Hiatus follows heady boom

26/03/2008 - 22:00

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Listed property companies in economic slow point.

Hiatus follows heady boom

If there’s a two-speed economy emerging in Western Australia, then listed companies focused on the property sector are definitely confined to the slow lane.

The developers especially have been hit hard by a double whammy with the slowdown of the WA market and a change in market perception.

“People have been calling them fund managers for the past couple of years,” said one source.

“In this downturn, a couple of things have transpired.

Firstly, people don’t like fund managers.

“In addition, their ‘fund management’ income was based on selling property.” Patersons Securities property analyst Jonathan Kriska said property development was on the nose and warned that those in the middle of the market were most likely to bear the brunt of this tough period.

He said WA stocks had enjoyed strong times since 2004 but property prices had peaked.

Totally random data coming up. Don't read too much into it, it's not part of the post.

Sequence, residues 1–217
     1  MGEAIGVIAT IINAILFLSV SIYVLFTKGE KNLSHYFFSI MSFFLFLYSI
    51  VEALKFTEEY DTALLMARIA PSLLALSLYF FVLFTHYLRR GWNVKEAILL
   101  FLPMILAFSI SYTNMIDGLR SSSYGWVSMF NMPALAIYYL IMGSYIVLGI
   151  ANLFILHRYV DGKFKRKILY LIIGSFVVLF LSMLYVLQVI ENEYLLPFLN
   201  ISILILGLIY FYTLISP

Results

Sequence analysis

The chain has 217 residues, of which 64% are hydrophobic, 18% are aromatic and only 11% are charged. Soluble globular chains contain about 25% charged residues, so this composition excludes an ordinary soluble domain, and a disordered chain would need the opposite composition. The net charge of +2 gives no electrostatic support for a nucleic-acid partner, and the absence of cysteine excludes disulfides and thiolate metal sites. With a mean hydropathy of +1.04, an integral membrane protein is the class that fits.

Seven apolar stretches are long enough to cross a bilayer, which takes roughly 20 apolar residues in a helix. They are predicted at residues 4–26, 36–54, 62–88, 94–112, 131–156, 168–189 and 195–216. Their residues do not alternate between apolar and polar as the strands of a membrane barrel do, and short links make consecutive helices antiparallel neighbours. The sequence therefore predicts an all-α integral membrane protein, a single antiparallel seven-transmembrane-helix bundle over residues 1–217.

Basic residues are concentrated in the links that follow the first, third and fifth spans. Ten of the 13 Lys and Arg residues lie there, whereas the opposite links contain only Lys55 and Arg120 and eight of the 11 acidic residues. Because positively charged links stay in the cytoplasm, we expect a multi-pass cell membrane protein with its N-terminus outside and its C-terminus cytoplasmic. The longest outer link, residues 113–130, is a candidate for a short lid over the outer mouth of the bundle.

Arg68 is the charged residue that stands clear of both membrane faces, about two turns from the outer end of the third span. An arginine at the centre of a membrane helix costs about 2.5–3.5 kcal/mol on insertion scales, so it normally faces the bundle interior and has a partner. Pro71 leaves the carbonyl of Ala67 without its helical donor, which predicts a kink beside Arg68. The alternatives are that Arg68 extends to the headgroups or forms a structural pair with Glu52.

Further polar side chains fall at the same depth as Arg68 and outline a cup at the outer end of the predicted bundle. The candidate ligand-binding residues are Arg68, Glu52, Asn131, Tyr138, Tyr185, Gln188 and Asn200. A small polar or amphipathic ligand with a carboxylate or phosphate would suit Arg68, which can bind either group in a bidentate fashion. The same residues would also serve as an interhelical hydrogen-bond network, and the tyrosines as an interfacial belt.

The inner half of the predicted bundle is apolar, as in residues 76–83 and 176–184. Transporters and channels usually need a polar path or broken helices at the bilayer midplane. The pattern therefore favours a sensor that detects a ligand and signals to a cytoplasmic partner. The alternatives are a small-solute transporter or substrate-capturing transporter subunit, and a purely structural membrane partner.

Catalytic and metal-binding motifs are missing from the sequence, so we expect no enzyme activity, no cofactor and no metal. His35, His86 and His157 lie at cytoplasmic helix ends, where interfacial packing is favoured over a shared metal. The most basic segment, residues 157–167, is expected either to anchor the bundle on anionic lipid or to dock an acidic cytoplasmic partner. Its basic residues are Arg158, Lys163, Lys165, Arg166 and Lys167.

“My view on WA (property) stocks as a group is it is yesterday’s news,” Mr Kriska said.

Hardest hit, if not in percentage terms then certainly by market capitalisation, is the sector’s local leader, Peet Ltd.

Some market watchers believe Peet’s share plunge of more than 40 per cent – it was trading on March 19 at $2.40 a share, giving a market capitalisation of about $535 million, compared with $4 a share on December 19, which would value it at about $890 million – may simply be a result of its own success.

Peet CEO Brendan Gore said his company had been around for 100 years and had been through all this before.

“The share price is the share price; there is just a view about certain sectors,” Mr Gore said.

“I don’t think it’s rational.” He said Peet’s diversification strategy meant most new developments would be occurring in the east coast, where sales remained strong despite interest rate rises.

Mr Gore said market views were being formed purely on interest rates, without looking at other mitigating factors like high immigration.

“People need somewhere to live,” he told WA Business News.

Interestingly, one stock that some market watchers believe mimics Peet’s strategy is Cedar Woods Properties Ltd, which has outperformed its larger, more sophisticated peer.